The impact of developments to the East of Milford
There is no planning strategy nor budget to deal with the inadequate road infrastructure on routes East- West, yet Waverley Borough have painted themselves into a corner, and by consenting to the 1800 homes without a strategy to cope, nor approval of Surrey CC Highways department, the Dunsfold Park development will have an significant intolerable impact on all of us.
This is a matter of quality of life for everyone in the villages of Hambledon, Hydestile, Enton, Milford, Witley, Brook, Busbridge and Godalming.
My main concern is that the developer and WBC evidence avoids acknowledgement that the principal route to employment is the direct road route East – West to the A3 and to the nearest mainline railway at Milford – a single track road with passing places with blind bends, steep hills and pinch points for much of the 9 miles. This is the unclassified road the developers describe simply as “60mph limited” but this road can not cope with a significant increase in traffic. I have no confidence in the quality of transport studies submitted by the developers of Dunsfold Park, particularly the Markwick Lane East-West route (link 31) estimate of “1 additional vehicle a minute” as a result of the DP development. This is a monumental under-estimation of the most likely inundation of additional vehicles on the only East-West route for commuters travelling to the centres of employment. Let me explain.
I maintain that 88% of resident’s of Dunsfold Park will commute (Dunsfold Park’s own projection). If the typical price of a 2 or 3 bedroom semi in Dunsfold Park is £600,00 that excludes many potential purchasers – unless they have joint earnings in excess of £120,000pa to secure a mortgage. Indeed there is an implication that it is a pre-requisite of purchase to already have a job. That income isn’t coming from a new local job on the Dunsfold Park, so it is a reasonable assumption that the majority of residents will need to commute to work to major areas for well paid jobs : London, M3 corridor, Farnborough, Godalming, Woking, Farnham, Camberley and Guildford. For all except Guildford, the shortest route to those centres is via the East-West road (Markwick Lane) to the A3, and mainline trains – the closest stations to DP (in order) are Milford, Witley and Godalming (all will mean driving and parking at stations).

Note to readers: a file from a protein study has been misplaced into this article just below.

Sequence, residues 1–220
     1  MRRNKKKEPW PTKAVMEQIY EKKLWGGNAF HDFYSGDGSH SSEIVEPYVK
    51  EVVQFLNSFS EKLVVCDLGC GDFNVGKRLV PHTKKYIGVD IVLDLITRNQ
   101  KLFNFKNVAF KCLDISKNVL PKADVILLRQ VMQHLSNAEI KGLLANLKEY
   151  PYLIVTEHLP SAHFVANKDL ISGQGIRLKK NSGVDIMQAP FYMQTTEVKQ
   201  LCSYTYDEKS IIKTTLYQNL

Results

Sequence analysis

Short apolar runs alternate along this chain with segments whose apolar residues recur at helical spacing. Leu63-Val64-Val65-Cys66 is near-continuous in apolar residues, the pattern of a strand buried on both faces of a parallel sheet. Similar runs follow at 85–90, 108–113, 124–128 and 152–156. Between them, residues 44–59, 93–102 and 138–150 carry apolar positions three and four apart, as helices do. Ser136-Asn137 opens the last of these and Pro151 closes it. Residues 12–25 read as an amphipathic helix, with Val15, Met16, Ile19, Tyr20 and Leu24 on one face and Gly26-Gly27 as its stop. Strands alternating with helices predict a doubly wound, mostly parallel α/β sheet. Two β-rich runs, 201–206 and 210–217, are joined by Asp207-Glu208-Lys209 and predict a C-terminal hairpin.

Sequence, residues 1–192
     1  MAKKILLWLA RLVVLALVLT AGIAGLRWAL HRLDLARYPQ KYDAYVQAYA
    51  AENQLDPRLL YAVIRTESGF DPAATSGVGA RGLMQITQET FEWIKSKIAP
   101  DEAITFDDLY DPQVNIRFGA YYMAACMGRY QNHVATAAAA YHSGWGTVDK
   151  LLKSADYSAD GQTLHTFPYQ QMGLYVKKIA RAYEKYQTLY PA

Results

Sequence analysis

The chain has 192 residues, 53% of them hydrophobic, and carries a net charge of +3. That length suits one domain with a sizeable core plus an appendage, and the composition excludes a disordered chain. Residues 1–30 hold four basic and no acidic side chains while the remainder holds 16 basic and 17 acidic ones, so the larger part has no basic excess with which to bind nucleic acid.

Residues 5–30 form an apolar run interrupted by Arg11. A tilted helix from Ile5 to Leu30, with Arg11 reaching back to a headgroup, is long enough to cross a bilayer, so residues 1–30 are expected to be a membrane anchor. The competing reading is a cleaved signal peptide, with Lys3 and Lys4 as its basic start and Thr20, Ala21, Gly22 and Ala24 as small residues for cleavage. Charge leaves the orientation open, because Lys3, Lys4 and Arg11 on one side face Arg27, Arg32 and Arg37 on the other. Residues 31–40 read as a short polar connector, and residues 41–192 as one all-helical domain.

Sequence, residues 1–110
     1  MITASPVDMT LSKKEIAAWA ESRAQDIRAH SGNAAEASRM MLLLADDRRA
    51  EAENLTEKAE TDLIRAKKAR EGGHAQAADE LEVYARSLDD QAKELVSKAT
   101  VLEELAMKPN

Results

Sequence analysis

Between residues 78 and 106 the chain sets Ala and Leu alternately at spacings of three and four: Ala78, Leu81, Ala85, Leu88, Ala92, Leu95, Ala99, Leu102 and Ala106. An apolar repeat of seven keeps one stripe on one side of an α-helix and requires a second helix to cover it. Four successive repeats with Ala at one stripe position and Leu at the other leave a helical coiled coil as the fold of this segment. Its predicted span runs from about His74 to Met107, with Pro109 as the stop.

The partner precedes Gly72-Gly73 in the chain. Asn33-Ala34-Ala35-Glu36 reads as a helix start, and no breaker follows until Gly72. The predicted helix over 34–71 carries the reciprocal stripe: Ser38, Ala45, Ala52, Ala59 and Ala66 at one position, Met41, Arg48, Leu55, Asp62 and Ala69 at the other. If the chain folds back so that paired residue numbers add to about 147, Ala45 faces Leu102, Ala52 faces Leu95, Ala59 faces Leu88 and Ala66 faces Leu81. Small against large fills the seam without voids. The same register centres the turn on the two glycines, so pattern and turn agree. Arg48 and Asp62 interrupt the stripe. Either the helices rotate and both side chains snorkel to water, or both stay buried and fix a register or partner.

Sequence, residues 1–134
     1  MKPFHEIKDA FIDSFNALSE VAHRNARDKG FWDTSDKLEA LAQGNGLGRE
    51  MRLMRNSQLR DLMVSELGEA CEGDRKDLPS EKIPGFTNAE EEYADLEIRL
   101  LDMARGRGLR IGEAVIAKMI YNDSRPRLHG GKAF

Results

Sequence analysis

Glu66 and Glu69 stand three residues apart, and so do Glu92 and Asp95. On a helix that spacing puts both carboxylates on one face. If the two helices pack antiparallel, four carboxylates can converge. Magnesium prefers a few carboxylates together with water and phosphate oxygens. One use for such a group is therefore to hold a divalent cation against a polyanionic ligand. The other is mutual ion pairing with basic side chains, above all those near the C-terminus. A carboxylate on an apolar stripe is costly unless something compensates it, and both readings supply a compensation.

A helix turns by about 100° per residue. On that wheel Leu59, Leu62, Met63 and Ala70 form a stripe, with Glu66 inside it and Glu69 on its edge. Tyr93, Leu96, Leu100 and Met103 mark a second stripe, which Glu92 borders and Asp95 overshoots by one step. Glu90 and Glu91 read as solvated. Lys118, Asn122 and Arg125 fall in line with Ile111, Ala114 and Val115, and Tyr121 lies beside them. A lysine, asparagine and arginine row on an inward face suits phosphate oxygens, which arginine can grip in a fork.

So despite what the developers may say about sustainability and links to public transport, all commuters’ journeys will inevitably start by car, and will take the shortest route to those areas. There are no mitigation measures planned for this route, and there are no viable mitigation measures that can be applied to this unclassified road with steep inclines and blind bends. Indeed Surrey Highways state it is unsuitable.
I make a very conservative assumption that of 1800 homes there are 2650 employed residents. 88% (as in Camborne example) are needing to commute (2332 vehicles). Few are multiple occupation vehicles
50% (1160) go West to get to mainline stations or A3 via Markwick Lane,
30% (700) go North to Guildford via A281,
20% (470) East or South.
That is 2300 extra commuter car movements every workday morning, and the same every evening.
Add a very conservative estimate of 20% ontop of those figures for trips in cars to schools in Cranleigh, Godalming and Guildford and you get to a total estimate of 5600 extra car movements every day. The direct route West to the A3 or Milford station for those 1400+ cars each morning is via Markwick Lane. During a 60 minute rush hour that is 23 extra cars every minute, on a single track road with passing places. (not 1 per minute as restated by Miss Lamont)
Whilst attention seems to focus on the A281, I suggest that link 31 will see the biggest change in traffic levels – becoming impassible at peak times. There are pinch points in Markwick Lane, Salt Lane, Station Lane, Milford rail crossing, and Milford crossroads and these are currently vulnerable to blockage as current drivers will attest. If you travel Markwick Lane and meet a large van, LGV, HGV, or more than 4 successive cars then the single track will become blocked. Milford Crossroads currently has significant queues at peak times.
There are no alternative East-west routes to Milford other than via Chiddingfold (extra 4 miles) – or via Godalming (extra 2 miles) both face infrastructure challenges.
Alternative routes to employment:
Those naturally trying to find an alternative, easier way to work, via Witley Station. will come to an impasse at Hambledon village (with single track and very limited passing spaces) If you resort to trying Godalming the traffic is currently log jam within a half mile radius of the rail station at peak times. Guildford centre is acknowledged as a no-go area in peak time so that doesn’t offer an option of access to A3 or the mainline trains.
The resultant inundation of traffic will severely impact on our way of life – in Hambledon, Hydestile, Enton, Milford, Witley, Busbridge and Godalming.